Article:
Heinrich Bürger (or: Heinrich Burger) (Hamelin, 29 February 1804, or 7 November 1804, or 20 January 1806, - Indramayu (Java) 25 March 1858) was by birth a German physicist, biologist and botanist employed by the Dutch government, and an entrepreneur. He was important for the study of Japanese fauna and flora.
Bürger's exact birth date is unknown. Bürger himself gave 29 February 1804. Most archival sources have the year 1806; it looks as if Heinrich moved his birth date two years back so as to appear older. Bürger was Jewish; his father Samuel Burger was a merchant and “Schutzjude” in Hamlin, who went bankrupt in 1817, and died in 1821.
In the years 1821-1822 Heinrich studied mathematics and astronomy at Göttingen university. Though he sometimes used the title of doctor, no proof has been found of an academic promotion. In 1824 Bürger left for Batavia (Dutch East Indies), now Jakarta, where he visited the school for apothecaries. On 14 January 1825 he gained the degree of apothecary 3rd class.
On 14 June 1825 Heinrich Bürger was appointed by the Dutch government as the assistant of Philipp Franz von Siebold on the isle of Dejima (Nagasaki, Japan) for the "natural research" in Japan. He left for Japan on 1 July. On Dejima Bürger did chemistry and biological research, and he taught the Japanese. He also was head of pharmacy and assisted Siebold's polyclinical visits to patients outside Dejima. In 1828 Bürger was appointed as successor of Von Siebold as far as the chemical, natural and biological work was concerned. In the following years he collected large quantities of minerals, plants and animals, among which 650 fishes. Much of this material was used for the later publication Fauna Japonica by Temminck and Schlegel. Plants sent by Bürger arrived in the botanical gardens of university cities like Leiden, Groningen, Munich, Paris, London, Florence and St. Louis. The Naturalis Museum in Leiden boasts a large Bürger collection.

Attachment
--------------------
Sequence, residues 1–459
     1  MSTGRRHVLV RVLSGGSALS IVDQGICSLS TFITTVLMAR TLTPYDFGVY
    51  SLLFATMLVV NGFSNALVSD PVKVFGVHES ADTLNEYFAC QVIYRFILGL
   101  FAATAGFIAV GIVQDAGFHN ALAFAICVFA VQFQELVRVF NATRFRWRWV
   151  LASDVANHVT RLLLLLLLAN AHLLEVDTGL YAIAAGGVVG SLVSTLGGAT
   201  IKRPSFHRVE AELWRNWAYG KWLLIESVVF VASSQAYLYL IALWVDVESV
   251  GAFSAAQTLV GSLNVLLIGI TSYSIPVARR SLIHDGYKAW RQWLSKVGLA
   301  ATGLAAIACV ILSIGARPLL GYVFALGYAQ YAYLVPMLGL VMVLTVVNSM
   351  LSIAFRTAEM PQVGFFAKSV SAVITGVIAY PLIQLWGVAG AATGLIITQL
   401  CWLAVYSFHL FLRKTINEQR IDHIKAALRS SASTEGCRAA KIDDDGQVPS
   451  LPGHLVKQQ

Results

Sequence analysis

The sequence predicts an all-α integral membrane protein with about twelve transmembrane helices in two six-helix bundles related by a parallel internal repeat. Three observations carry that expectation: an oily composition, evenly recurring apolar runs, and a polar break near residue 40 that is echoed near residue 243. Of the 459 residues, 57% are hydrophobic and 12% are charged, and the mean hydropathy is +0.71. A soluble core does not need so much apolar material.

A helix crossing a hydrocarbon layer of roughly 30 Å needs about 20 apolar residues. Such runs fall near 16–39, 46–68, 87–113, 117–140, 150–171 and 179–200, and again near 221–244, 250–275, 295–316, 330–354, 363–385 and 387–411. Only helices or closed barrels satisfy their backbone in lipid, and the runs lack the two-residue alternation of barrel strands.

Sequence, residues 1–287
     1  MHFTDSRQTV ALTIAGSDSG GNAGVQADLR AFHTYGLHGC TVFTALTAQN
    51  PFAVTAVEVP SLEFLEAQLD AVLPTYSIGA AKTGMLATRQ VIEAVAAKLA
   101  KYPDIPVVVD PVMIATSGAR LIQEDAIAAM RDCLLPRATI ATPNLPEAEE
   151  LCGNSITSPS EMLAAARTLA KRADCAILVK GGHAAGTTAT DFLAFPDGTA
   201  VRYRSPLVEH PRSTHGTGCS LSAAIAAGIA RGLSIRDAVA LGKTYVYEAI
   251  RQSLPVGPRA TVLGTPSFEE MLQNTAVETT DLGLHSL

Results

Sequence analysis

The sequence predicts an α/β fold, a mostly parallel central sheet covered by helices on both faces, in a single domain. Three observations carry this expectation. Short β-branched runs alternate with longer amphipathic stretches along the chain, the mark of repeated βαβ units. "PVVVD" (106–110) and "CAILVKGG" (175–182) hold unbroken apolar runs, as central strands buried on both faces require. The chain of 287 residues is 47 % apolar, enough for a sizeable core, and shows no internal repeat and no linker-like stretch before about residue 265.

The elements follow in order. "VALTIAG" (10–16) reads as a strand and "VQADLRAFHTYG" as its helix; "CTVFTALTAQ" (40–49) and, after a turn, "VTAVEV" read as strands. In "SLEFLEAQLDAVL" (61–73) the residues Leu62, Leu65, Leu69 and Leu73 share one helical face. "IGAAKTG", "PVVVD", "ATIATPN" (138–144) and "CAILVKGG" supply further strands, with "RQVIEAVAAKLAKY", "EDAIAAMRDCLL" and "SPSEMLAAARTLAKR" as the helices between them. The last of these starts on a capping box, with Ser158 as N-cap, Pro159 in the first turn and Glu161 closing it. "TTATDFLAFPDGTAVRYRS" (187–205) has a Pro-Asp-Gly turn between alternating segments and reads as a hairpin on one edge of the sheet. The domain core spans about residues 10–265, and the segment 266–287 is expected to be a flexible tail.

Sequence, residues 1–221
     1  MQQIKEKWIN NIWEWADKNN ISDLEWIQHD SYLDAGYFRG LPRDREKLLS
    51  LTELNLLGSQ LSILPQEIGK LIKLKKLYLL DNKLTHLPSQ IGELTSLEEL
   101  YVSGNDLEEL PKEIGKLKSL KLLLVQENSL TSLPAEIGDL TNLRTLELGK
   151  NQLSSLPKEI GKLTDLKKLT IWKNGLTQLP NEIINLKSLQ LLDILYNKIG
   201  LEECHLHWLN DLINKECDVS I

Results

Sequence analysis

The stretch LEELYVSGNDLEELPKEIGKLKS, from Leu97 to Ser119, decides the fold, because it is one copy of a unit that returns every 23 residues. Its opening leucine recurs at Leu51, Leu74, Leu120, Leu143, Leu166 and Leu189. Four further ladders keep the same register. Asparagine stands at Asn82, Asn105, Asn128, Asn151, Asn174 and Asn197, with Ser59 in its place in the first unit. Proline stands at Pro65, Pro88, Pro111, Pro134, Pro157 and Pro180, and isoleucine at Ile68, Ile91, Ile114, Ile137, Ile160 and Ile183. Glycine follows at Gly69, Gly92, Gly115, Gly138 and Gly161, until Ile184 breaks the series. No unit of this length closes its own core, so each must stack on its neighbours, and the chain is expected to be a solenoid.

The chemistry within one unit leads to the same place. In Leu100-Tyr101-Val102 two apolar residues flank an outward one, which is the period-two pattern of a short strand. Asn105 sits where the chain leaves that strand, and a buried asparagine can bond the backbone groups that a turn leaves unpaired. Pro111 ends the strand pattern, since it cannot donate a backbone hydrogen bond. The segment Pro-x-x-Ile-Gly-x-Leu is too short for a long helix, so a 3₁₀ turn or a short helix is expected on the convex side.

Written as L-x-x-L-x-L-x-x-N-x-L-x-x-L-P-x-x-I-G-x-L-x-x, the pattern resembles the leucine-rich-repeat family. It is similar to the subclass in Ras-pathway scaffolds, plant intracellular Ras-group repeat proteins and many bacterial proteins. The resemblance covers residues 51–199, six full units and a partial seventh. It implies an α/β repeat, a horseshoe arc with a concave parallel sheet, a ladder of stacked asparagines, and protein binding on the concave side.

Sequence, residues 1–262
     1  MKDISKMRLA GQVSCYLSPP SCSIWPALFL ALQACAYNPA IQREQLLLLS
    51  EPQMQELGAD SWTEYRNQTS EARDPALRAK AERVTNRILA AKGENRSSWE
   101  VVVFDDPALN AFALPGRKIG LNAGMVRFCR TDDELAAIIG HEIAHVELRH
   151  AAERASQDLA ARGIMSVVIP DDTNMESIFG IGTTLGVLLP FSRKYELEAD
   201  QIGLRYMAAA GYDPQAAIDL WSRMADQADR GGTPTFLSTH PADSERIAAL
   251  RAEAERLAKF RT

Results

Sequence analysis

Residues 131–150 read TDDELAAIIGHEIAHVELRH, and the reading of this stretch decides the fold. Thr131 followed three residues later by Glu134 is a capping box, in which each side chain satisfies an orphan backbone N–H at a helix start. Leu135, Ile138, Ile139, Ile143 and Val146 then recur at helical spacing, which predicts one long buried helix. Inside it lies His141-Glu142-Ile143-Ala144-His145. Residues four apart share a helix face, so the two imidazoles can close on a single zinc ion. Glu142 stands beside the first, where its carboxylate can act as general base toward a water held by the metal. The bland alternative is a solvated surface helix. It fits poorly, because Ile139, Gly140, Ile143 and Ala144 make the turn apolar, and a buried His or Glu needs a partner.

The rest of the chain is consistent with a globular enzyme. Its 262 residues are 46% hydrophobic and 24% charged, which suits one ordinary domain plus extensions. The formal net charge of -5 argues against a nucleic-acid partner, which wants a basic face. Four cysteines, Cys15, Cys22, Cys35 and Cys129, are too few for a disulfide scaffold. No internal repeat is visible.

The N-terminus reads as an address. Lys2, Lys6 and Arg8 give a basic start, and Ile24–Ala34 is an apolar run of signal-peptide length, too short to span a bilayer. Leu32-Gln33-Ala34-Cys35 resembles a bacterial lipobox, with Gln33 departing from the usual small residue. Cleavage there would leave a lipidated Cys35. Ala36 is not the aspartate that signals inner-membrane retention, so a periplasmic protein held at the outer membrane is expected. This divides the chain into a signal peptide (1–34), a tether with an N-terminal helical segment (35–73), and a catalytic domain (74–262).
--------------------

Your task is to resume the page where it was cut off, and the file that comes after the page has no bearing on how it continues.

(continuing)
In 1832 or 1833 (literary sources contradict each other here) Bürger was "added" to the "Committee for natural research in East-India". In that capacity he visited Sumatra between June and December 1833. In that period he planned a road from the Padang lowlands to the interior; the road through the Anai Valley (Batang Anai), which today is a tourist attraction because of its natural beauty. The realisation of this road earned him the Order of the Netherlands Lion. In 1833 Bürger married Anna Cornelia van Daalen in Padang. In 1834 he was back on Dejima, but he installed his wife in Batavia.
From 1 July 1835 Bürger was relieved of his duties in Japan. In 1840-1842 he traveled extensively with his family throughout western Europe. Back on Java he was pensioned off in 1842 as a member of the Natural Committee, and on 30 June 1843 he was honorably discharged from public service. Heinrich then moved into business, a.o. the production of rice and oil on Bangka, the Nederlandsch-Indische Zee-Assurantie Maatschappij (marine insurances), de Maatschappij tot Bevordering van Mijnontginningen in Nederlandsch-Indië (Society for the advancement of mining development in the Dutch Indies), which operated on Borneo, and he was co-owner of sugar factory Rejosari in Magetan (Madiun Residency, Java). Bürger also was a prominent member of the social club "De Harmonie" in Batavia 1850-1853.
Although Bürger is mentioned in the IPNI, he did not describe new plants. But he has been honoured by those who worked on his collections: they have named many of the new species he collected after him. These species can be recognized by the epitheton “Buergerianum” or “Burgeri(i)”, such as:
“burgerianum” 19 distinct (i.e., excluding combinations for the same plant in different genera) taxa that at some point been published at the level of species including:
- (Aceraceae) Acer buergerianum Miq.
- (Eriocaulaceae) Eriocaulon buergerianum Körn.
- (Polypodiaceae) Lepidomicrosorium buergerianum (Miq.) Ching & K.H.Shing
“buergeri” 10 distinct species level taxa including
- (Ericaceae) Rhododendron burgeri Miq.